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Stuart Franklin: stories rarely happen out of the window

an interview by Enrico Ratto – translation by Elisa Chisana Hoshi

Stuart, you studied geography, art and design. What influence does all this have when photo reporting?

Everything influences my work: the things I have studied formally of course; but much more than that, the experiences of living, of life. I started studying painting and drawing. There you learn to take great care in approaching the work. I studied photography. There you learn the techniques, and understand the history of the medium. I studied geography, which is like an octopus. It reaches its tentacles into everything: the land, the sea, the economy, politics, ethnicity, representation, history. So all of this helps me when I am walking around photographing.

When you took the photo of The Tank Man in Tiananmen Square, did you realize that you had an icon on your film, or did the way that the world looked at that picture surprise you?

At the time I felt too far away – on a hotel balcony. I was reminded at every moment of the powerful images from Prague 1968 (so haunting to see today) by Josef Koudelka. And reminded of the saying by Robert Capa: “If your pictures aren’t good enough, you are not close enough”. So yes I was surprised.

I find that this very image of Tiananmen Square represents one of the rare cases when both the picture and the live TV became icons. What was the strength of that scene?

In a sense, and this viewpoint has been suggested in the book: “No Caption Needed”, the single man defying the State became symbolic both of the protest against corruption and lack of free expression in China, but also, conveniently, the photograph became a symbol, an icon, of a Neoliberal ideal – freedom from the State. By this I mean freedom from society, from communal responsibility and so forth. The thinking around this is very interesting.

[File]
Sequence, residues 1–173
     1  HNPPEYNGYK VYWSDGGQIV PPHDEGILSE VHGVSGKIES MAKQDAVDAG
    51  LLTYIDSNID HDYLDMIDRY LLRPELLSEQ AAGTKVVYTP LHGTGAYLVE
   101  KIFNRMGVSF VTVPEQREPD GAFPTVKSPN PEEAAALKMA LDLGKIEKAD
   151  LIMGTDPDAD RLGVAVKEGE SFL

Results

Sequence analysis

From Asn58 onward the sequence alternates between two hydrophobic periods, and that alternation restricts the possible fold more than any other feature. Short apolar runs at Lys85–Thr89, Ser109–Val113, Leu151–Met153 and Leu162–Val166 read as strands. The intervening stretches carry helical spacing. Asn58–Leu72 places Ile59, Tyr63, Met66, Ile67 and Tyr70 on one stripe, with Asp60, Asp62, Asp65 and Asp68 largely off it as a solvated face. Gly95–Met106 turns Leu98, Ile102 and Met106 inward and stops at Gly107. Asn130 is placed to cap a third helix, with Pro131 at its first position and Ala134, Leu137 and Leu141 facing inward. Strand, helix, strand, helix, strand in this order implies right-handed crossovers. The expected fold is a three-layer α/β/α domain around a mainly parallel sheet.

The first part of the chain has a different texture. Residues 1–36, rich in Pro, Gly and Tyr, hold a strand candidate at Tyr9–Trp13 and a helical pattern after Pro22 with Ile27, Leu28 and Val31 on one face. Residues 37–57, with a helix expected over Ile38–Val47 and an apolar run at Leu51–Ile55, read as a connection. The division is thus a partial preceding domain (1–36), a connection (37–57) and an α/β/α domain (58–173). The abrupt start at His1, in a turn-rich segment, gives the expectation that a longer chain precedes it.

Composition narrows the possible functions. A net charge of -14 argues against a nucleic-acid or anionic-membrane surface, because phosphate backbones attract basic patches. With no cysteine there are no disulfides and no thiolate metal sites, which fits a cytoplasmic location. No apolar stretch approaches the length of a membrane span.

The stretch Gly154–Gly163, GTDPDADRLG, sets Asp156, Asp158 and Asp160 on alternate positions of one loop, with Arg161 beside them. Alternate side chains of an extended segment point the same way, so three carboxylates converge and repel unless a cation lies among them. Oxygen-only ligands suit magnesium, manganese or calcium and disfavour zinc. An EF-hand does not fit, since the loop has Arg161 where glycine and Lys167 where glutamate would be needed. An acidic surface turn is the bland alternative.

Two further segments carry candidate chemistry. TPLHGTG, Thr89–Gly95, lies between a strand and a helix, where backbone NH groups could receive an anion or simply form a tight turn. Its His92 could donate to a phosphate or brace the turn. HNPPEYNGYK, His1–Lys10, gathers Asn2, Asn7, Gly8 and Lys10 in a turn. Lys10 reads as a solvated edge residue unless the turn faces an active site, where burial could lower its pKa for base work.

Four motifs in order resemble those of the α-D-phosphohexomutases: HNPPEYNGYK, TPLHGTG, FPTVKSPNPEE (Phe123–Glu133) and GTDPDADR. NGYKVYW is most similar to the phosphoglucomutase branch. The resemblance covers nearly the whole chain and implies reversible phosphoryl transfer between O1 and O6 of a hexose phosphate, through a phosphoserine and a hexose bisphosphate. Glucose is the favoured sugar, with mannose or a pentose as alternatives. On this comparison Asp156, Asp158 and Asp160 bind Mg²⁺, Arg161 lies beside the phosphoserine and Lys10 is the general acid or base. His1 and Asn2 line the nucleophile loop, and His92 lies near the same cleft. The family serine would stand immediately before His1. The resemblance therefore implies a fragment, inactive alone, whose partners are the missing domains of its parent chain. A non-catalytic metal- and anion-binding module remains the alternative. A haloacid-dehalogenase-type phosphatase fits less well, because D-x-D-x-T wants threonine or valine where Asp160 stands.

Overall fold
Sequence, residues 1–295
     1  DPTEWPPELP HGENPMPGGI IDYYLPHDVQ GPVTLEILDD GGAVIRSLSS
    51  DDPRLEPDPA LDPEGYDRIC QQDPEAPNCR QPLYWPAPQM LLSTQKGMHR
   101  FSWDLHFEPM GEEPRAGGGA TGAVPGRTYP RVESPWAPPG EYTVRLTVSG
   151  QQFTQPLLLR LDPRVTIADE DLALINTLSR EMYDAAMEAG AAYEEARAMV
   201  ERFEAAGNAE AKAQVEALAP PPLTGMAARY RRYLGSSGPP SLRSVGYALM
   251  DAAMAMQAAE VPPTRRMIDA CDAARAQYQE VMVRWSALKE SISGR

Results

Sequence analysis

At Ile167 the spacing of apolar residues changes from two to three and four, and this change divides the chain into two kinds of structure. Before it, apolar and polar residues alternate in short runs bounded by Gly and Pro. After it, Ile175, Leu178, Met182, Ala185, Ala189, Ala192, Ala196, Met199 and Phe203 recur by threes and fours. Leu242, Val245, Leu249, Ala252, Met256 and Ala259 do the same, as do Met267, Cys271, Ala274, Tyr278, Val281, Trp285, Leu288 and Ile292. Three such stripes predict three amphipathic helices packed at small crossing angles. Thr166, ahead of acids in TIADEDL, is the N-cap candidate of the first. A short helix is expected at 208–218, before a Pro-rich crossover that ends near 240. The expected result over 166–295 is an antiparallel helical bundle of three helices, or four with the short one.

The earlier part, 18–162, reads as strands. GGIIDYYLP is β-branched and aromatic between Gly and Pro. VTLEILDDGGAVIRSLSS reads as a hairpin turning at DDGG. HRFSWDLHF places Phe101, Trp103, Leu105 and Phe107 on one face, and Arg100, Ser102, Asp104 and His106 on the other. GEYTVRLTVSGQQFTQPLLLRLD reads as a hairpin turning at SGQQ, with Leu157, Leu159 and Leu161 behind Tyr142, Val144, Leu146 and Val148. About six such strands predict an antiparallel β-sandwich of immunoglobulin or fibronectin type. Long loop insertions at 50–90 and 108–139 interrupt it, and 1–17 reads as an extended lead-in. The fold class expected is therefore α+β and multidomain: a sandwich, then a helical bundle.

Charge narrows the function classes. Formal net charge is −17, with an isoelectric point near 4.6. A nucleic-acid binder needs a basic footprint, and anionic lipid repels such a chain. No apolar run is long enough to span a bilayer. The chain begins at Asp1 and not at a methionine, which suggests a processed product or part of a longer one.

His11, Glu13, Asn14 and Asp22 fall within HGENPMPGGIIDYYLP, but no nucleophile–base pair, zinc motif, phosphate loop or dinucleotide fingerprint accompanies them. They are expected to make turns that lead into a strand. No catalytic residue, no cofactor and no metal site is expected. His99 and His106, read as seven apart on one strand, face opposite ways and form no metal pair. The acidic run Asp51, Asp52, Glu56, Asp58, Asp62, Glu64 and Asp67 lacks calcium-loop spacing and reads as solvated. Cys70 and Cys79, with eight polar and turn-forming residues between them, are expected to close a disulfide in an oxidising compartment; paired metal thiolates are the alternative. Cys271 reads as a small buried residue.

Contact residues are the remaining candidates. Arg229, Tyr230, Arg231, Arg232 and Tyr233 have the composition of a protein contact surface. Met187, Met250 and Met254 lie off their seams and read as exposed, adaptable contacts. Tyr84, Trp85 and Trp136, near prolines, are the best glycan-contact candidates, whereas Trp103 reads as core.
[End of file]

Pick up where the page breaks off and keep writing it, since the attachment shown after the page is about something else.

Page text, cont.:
One year ago you wrote a critical article about Visa pour l’Image. In Perpignan you got the impression that since the war photo reporter cannot solve the conflicts, he can’t really make the public aware, so for all these years his role was useless. What do you think is the role of the photo reporter?

I did not have the impression that the war photographer is unable to resolve the conflict. In fact I implied the opposite. The panel of photographers felt, strangely for me, that they had achieved nothing because war still continues. I disagreed. War photography has made a huge impact on policy and public awareness. I felt the photographers who spoke at Perpignan did not give any credit to what they or others had achieved. Don McCullin spoke of shame, when it was his photographs from Biafra that inspired Médecins Sans Frontières to start up in 1971. There are no rules about what people who work with cameras should do: it’s their life and time. We hope they will inform us honestly of their experience. That’s all.

It is said that photo reporting is like a one-man-show, since he does everything himself. How important is it, also for a freelancer, to have a solid structure that can give him logistical, commercial and even critical support when working?

I have been lucky throughout my career to enjoy the support and encouragement of friends and colleagues. I think we always need people to bounce ideas, to discuss projects, to look at work. Yes this community of support is very important.

In your opinion, style and approach represent the expertise of a photograph. Why?

Style and approach are two different things. Our approach to a story is normally about who we are as an author, as a person. It’s about how we will engage with the subject. The style of photography we use (eg large format, colour negative etc), that is a choice often concerned with building a narrative that will be coherent. Within documentary it’s a style of visual storytelling that we select.

When you shoot a landscape for your projects of landscape photography, do you have the same approach and style that you adopt for photo journalism?

I have the same approach, because that is who I am – I go gently into the world. The style of working, as I wrote earlier, is quite different.

When you go to a conflict zone, do you plan to follow a story or do you try to cover the news? In your opinion, is it possible for both aims to coexist?

The news is a very multi-faceted thing. It is not necessarily always what is on the TV. A lot of “news” is never reported. Much news is in fact invisible: it was the same in the Great Depression in America in the 30s as in Italy these last years. About unemployment, domestic violence, conflict, things like this. Photojournalists are people who actively hunt for stories, they rarely happen out of the window.